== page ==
NaNo What, Now?

One benefit of writing I found is that in researching characters and their motivations, you learn a lot about yourself along the way. For instance, I’m the sort of person who puts things off, and who would like things to happen with a wave of a magic wand or the swallowing of a pill.

My weight issues started when I was two year old, and that influences how I see my heroines. I waited as long as I could for a magic weight loss pill, but had to find the next best thing. I’m halfway to my goal, and making adjustments almost every step of the way.

In the same way, I want to wave a magic wand and hold my finished manuscript on my computer. In an effort to make the magic happen sooner, I’ve taken writing classes, on-line seminars, and read every book that I can get ahold of to improve my writing and my speed.

I’ve learned how to get my book e-pulished, how to use the 12 stages of intimacy to increase sexual tension. I learned how to create unforgettable characters and how to be a plot whisperer. None of which gave a clue as to whipping out a book any sooner than when it’s ready.

For a few years, I’ve been hearing about NaNoWriMo, or National Novel Writing Month. The focus and challenge is to write a novel in 30 days, November 1 through 30.

The good thing about doing this in November, for me, is that I have 3 extra days off, Veterans’ Day and Thanksgiving Day plus the Friday after. With weekends, that’s a total of 12 days for writing! And of course, I can find some time in the evenings during the week.

The bad thing is the same in November and just about every month. The first Saturday I attend a bird club meeting. The second Saturday, I sometimes go with my husband to a fountain pen collectors’ meeting. As it’s a pretty long drive south, we often head farther south afterward to visit my dad. If we don’t go south, well, we go north to Corona and buy bird seed at Magnolia Bird Farm. Veterans’ Day should be a free and clear writing day, with some breaks for cleaning and gardening. The third Saturday, Romance Writers of America meets somewhat south of here. The fourth Saturday is our monthly gathering of friends to play games at our house. Thanksgiving, of course, will be a day of traveling and not eating anything not lean or green. That Friday should be a day of writing, and the rare fifth Saturday is completely open.

Did I mention evenings? Well, Monday nights I walk dogs at the local humane society. Tuesday I attend a weight loss support group and type up a report of what happened. But Wednesday through Friday should be open. And people wonder why I have trouble returning phone calls or going to visit people. Time flies like an arrow. Fruit flies like a banana.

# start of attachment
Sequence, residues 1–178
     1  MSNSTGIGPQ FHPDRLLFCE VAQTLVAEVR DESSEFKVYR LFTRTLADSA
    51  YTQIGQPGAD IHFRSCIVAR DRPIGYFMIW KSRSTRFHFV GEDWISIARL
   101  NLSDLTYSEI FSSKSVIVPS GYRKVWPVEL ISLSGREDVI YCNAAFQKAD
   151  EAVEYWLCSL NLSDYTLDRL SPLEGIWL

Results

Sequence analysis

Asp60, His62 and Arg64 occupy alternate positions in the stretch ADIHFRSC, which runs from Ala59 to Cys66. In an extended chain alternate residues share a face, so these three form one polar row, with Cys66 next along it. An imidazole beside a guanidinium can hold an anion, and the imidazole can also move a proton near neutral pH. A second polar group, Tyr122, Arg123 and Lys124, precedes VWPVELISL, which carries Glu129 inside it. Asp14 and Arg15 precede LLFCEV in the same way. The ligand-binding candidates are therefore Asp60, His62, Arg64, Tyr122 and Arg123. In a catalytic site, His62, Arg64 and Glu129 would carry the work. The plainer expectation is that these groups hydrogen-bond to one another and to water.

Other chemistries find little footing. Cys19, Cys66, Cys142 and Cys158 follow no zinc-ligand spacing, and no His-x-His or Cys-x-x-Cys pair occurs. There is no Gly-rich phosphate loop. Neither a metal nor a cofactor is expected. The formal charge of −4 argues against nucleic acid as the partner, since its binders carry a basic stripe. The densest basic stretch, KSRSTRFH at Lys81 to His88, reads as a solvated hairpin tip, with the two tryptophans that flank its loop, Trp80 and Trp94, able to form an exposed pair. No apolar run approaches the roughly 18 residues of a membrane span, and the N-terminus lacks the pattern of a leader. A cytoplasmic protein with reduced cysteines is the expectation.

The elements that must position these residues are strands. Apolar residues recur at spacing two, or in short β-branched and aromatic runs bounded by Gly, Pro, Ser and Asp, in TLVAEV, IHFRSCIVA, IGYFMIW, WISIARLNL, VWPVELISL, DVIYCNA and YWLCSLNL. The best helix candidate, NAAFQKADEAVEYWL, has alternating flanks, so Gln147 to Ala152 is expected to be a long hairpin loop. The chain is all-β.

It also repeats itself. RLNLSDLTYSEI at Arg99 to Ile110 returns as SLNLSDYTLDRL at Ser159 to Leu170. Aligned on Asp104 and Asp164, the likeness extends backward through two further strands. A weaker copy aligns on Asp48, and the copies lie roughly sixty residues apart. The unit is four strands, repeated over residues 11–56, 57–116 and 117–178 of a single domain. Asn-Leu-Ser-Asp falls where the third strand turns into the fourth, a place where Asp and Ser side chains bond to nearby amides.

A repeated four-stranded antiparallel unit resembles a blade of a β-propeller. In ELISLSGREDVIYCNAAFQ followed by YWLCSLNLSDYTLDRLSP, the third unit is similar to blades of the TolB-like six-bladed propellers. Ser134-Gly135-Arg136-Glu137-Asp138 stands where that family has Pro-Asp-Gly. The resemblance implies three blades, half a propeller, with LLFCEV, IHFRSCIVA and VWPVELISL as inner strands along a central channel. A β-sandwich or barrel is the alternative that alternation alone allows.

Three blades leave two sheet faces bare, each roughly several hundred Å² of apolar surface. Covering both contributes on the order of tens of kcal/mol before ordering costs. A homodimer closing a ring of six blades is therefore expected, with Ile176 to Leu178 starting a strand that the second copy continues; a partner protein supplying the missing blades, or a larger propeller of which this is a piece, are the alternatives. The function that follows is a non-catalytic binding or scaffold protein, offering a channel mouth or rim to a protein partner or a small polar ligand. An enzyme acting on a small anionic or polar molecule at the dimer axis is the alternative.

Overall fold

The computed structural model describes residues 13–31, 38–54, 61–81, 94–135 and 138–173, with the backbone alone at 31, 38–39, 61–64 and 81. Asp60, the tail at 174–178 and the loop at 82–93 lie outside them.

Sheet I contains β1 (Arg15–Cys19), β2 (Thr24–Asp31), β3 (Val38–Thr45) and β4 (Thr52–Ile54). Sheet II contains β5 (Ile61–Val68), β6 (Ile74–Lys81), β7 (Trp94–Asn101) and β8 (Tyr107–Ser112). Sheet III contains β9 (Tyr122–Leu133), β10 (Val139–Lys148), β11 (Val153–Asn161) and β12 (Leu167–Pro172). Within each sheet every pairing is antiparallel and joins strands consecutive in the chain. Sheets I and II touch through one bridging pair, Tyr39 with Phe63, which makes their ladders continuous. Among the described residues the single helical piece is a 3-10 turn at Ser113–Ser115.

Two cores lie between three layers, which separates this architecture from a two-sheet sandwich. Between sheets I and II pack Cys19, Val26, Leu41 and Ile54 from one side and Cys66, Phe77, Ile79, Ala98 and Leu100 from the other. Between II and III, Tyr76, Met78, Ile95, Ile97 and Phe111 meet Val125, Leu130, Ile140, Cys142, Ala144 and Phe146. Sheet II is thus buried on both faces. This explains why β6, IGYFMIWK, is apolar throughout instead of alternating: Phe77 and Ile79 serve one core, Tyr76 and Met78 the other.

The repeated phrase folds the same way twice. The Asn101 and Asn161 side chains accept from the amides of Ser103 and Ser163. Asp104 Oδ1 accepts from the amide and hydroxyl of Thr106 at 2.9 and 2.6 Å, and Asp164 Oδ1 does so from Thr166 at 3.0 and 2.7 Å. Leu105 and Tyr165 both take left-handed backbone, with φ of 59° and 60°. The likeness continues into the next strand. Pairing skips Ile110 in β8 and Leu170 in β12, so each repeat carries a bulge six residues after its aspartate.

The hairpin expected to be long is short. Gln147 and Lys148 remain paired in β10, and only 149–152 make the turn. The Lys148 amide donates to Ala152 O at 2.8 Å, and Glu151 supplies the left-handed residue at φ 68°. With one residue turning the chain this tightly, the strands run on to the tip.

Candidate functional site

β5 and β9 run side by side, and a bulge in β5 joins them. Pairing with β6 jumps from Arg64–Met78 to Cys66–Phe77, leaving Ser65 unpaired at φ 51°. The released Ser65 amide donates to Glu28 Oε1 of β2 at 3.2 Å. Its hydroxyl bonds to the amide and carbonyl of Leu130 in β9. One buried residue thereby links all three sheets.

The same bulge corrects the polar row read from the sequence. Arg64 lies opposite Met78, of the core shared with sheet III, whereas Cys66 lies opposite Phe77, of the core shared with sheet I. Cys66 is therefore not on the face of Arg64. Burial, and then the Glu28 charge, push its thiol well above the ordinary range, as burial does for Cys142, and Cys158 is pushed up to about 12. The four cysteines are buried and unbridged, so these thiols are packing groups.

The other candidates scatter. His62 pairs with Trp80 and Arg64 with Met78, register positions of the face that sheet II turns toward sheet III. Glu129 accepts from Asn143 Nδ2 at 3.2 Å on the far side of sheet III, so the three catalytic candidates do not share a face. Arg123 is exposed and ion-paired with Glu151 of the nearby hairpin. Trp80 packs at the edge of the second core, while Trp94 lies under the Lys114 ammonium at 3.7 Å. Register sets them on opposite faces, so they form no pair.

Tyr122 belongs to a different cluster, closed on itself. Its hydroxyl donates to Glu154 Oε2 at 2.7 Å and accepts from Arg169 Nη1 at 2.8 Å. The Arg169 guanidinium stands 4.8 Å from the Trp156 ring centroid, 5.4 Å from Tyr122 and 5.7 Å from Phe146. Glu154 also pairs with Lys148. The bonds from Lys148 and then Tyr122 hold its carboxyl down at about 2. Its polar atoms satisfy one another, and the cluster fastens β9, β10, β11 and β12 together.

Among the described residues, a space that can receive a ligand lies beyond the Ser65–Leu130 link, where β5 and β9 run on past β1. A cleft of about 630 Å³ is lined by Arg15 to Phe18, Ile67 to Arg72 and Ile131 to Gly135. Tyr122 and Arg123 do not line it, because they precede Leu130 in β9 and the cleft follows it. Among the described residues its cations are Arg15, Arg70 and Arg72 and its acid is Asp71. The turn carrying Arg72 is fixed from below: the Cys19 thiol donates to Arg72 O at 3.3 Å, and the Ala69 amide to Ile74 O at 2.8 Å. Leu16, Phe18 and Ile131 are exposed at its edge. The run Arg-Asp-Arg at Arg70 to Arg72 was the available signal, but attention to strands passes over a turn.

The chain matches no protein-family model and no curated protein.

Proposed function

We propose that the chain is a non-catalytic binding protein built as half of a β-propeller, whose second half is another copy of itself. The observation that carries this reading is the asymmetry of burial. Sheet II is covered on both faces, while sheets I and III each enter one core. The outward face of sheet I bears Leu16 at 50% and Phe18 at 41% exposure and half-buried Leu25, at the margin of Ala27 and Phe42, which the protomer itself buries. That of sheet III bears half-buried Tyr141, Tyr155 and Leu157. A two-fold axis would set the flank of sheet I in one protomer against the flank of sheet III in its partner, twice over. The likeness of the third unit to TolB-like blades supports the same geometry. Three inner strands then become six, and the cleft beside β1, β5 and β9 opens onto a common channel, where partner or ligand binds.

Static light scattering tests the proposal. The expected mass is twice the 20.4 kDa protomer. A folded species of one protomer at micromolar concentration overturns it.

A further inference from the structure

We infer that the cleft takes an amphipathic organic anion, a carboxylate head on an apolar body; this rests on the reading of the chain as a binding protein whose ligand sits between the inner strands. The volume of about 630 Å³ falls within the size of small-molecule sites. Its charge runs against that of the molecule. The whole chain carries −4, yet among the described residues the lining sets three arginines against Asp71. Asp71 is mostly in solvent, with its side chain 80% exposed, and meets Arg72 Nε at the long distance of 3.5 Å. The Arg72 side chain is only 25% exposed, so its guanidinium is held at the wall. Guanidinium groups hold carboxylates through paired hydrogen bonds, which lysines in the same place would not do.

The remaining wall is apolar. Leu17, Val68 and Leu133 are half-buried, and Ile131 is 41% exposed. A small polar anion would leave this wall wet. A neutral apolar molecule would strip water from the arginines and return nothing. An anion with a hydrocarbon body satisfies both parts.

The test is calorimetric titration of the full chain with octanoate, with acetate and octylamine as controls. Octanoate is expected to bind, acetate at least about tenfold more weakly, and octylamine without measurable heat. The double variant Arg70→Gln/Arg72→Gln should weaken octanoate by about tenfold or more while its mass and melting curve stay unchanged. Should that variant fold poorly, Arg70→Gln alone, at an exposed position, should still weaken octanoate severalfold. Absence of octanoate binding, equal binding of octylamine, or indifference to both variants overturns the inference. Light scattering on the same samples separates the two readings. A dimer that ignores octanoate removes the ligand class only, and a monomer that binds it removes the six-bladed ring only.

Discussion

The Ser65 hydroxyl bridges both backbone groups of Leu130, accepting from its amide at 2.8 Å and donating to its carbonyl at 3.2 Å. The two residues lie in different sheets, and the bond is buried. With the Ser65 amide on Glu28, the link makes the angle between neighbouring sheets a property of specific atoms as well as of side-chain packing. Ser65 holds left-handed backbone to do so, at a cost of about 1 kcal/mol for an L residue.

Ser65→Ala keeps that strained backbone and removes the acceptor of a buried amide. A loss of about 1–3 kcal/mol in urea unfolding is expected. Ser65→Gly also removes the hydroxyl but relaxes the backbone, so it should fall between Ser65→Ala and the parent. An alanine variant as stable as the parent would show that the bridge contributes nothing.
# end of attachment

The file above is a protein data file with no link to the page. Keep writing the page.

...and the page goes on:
Last year for the first time, I registered for NaNoWriMo. I made a few friends and hooked up with people I knew from Facebook. At this point, I don’t even remember which book or story I had picked to work on.

Obviously, I failed at NaNo. I rarely made time to log in, completely forgot about it some days, and before I knew it, November was done. Faded away.

I think, however, this missed opportunity triggered my drive to rejoin RWA. I am so glad I did, I draw inspiration, support, and motivation from this wonderful organization. I’ve finished writing one novel, started two more, taken classes as stated above, and submitted a manuscript to a publisher. I’ve also joined Scribophile, and received excellent feedback and critiques on what I posted there. I even became the group leader for a group called Writers Who Love Romance.

I started this blog about my writing evolution and progress. I am honed, excited, and ready to push my next Regency Romance into focus. NaNo, here I come! Starting November 1st, I will write daily and post a word count for the day. I will include my total word count in this blog each week. And at the end of November, I will have at least a rough draft of that novel.

In my weight loss support group. We are told repeatedly that a key to lasting success is having oversight by some other party. As long as you are honest and track what you eat, and share that food diary with someone, you are likely to meet your goals.

NaNoWriMo may be a writer’s key to success. No other source of oversight is available unless you are in a critique group or RWA. NaNo is a way to connect with other writers as well. Hope you’ll join me there if you have the spark!

I only hope I can remember my password.


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